By Derek Gamble, SnoBlox-SnoJax
Today’s snow guard options are numerous. Some customers choose guards that are meant to keep snow and ice on their roofs. This method allows the snow and ice to melt in place. Other guards have the ability to break shedding snow and ice into safe and manageable pieces. Universal fit models are very popular, while some companies also offer panel specific solutions. These individual guards are referred to as “pad style snow guards” These are the oldest and most popular style of snow guards. Individual Seam mounted snow guards, while still popular, are notorious for allowing snow and ice to flow around them. With a pad style guard, the protection is in the center of the panel where the action is.
Prior to 1976, snow guards were exclusively made from metal. This allowed for corrosion issues due to dissimilar metals reacting when exposed to outdoor conditions. This problem ushered in the invention of polycarbonate snow guards, which revolutionized the snow guard industry. These clear snow guards offer the benefits of UV stabilization, corrosion resistance, and practically invisible aesthetics when installed. Many companies offer these guards and as such, many different grades of polycarbonate are used, causing prices to vary greatly between manufacturers. Lower-end products often lure unsuspecting customers in with cheaper pricing. Unfortunately, the low pricing is achievable for these companies due to a lack of testing, which leads to unpredictable performance. Customers should make sure to do their research when selecting a product for their home’s roof.
If metal is more your style, then stainless steel is what you need. Unlike cast aluminum, which becomes brittle over time, stainless guards are the strongest option in the metal pad-style category. Decorative designs and custom powder-coating options make stainless guards very popular among those with historic homes. Independent lab testing has proven, however, that metal guards are not as strong as their polycarbonate competition. Metal guards tend to bend when overloaded, while polycarbonate guards are semi-flexible and can continue to maintain their shape even under overloading conditions.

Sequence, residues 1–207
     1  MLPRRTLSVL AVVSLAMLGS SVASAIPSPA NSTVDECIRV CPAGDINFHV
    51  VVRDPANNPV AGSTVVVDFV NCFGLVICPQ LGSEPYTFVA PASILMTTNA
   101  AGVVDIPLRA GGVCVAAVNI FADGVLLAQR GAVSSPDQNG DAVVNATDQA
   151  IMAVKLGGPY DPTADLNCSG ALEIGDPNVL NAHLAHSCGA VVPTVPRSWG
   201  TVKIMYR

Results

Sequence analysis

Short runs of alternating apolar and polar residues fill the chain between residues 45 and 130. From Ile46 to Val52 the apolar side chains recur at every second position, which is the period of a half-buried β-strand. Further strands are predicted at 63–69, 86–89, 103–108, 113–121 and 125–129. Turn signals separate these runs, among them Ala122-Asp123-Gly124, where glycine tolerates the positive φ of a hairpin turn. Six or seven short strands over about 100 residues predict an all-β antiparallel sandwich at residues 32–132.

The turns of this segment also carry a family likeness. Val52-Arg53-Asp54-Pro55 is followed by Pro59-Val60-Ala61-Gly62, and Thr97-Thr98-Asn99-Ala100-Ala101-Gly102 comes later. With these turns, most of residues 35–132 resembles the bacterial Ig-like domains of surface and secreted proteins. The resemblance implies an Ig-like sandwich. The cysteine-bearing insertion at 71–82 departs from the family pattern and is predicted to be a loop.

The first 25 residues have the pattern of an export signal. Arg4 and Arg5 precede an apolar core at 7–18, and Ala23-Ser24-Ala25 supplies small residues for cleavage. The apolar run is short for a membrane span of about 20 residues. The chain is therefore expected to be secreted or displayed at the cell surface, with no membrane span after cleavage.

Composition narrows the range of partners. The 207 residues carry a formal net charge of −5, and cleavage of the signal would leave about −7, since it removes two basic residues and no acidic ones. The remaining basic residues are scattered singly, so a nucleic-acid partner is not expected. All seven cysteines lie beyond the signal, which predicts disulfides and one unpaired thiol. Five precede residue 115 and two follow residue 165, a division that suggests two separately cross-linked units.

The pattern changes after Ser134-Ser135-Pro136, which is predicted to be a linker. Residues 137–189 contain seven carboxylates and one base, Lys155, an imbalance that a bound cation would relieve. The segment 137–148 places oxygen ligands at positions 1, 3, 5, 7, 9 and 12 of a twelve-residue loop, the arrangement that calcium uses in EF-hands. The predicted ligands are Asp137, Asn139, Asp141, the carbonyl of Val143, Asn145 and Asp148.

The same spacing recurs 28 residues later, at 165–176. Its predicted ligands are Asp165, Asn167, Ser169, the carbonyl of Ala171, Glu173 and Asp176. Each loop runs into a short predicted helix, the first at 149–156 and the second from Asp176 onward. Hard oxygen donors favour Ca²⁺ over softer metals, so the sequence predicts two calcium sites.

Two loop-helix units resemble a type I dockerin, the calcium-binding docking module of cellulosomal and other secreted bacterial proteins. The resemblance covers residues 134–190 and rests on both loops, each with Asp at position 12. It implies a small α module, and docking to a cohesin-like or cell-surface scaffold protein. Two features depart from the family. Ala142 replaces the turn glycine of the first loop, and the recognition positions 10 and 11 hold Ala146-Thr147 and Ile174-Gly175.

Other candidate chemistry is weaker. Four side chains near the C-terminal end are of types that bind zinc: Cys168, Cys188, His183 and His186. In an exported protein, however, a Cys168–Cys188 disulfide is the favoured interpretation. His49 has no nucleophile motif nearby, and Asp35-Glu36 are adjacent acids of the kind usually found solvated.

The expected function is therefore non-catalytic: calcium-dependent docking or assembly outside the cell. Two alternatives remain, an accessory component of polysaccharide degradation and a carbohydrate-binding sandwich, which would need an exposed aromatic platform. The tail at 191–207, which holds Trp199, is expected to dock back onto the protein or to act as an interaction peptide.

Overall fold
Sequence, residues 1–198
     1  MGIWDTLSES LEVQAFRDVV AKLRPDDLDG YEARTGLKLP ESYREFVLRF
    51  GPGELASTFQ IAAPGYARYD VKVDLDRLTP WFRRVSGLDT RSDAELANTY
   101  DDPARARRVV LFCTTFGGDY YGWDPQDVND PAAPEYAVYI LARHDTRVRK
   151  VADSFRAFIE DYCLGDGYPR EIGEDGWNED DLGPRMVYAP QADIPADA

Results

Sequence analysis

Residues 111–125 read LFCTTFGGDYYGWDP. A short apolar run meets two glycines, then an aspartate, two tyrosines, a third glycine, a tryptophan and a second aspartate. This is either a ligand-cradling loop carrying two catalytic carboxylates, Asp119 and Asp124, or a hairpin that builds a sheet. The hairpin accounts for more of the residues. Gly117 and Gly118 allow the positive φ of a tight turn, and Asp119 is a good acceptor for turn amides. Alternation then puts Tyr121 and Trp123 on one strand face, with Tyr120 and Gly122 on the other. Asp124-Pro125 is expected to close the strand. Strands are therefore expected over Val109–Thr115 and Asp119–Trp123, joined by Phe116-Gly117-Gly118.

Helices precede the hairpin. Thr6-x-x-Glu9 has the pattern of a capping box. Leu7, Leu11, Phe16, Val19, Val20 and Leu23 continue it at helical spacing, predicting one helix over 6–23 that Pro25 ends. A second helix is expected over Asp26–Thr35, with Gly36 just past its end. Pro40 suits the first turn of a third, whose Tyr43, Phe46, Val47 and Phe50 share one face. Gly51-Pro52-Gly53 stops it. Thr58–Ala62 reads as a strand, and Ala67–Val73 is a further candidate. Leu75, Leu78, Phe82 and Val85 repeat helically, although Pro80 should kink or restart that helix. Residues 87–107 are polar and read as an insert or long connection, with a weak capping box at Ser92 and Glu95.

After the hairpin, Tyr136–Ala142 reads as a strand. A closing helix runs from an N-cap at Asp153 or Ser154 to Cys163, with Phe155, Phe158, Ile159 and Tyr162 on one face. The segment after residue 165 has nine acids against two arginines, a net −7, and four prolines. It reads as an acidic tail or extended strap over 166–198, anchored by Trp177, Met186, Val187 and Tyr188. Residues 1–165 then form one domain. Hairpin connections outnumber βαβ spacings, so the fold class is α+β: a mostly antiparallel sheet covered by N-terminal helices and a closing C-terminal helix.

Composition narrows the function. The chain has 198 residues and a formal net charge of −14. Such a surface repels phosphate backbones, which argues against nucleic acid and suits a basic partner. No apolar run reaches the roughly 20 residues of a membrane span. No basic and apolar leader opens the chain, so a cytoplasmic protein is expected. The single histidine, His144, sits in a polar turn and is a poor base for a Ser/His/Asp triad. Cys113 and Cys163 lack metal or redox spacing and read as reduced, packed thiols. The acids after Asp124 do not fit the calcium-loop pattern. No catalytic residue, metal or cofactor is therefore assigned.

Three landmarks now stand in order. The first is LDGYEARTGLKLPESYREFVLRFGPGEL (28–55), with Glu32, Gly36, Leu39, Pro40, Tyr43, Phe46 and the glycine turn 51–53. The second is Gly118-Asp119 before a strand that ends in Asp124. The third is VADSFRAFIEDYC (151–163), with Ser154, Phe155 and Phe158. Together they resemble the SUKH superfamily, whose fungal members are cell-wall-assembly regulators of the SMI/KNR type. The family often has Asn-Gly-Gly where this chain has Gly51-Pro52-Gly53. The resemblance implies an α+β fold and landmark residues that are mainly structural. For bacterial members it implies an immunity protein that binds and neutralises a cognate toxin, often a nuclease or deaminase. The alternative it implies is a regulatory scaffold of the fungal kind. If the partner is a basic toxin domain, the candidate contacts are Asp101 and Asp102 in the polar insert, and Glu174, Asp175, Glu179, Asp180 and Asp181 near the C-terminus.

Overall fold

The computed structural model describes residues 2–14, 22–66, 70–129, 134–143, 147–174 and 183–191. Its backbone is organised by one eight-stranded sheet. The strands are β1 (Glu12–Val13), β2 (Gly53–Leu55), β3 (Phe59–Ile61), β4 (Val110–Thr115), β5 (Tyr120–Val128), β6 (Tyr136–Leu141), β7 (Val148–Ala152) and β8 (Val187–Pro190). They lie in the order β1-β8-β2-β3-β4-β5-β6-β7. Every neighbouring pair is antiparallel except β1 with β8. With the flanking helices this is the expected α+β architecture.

Polycarbonate guard detractors often advertise that these guards are weak and prone to failure. The truth is that most failures with these models are caused by improper installation. A manufacturer-provided layout is critical to ensuring that snow guards will function properly. A spacing layout should be requested during the project’s planning phase, allowing an architect to include proper information in the project’s specifications. Specs without proper layout information are a huge liability concern. The biggest mistake that is made involves installation of these guards in straight lines, as opposed to the recommended staggered formation. Staggering creates a field where the weight of snow and ice can be equally distributed over a larger area. It is also crucial to purchase your guards from a manufacturer with professional laboratory strength testing. Without testing, there is no way to determine if the guard being considered for the project will be appropriate for a specification with a load-based safety factor.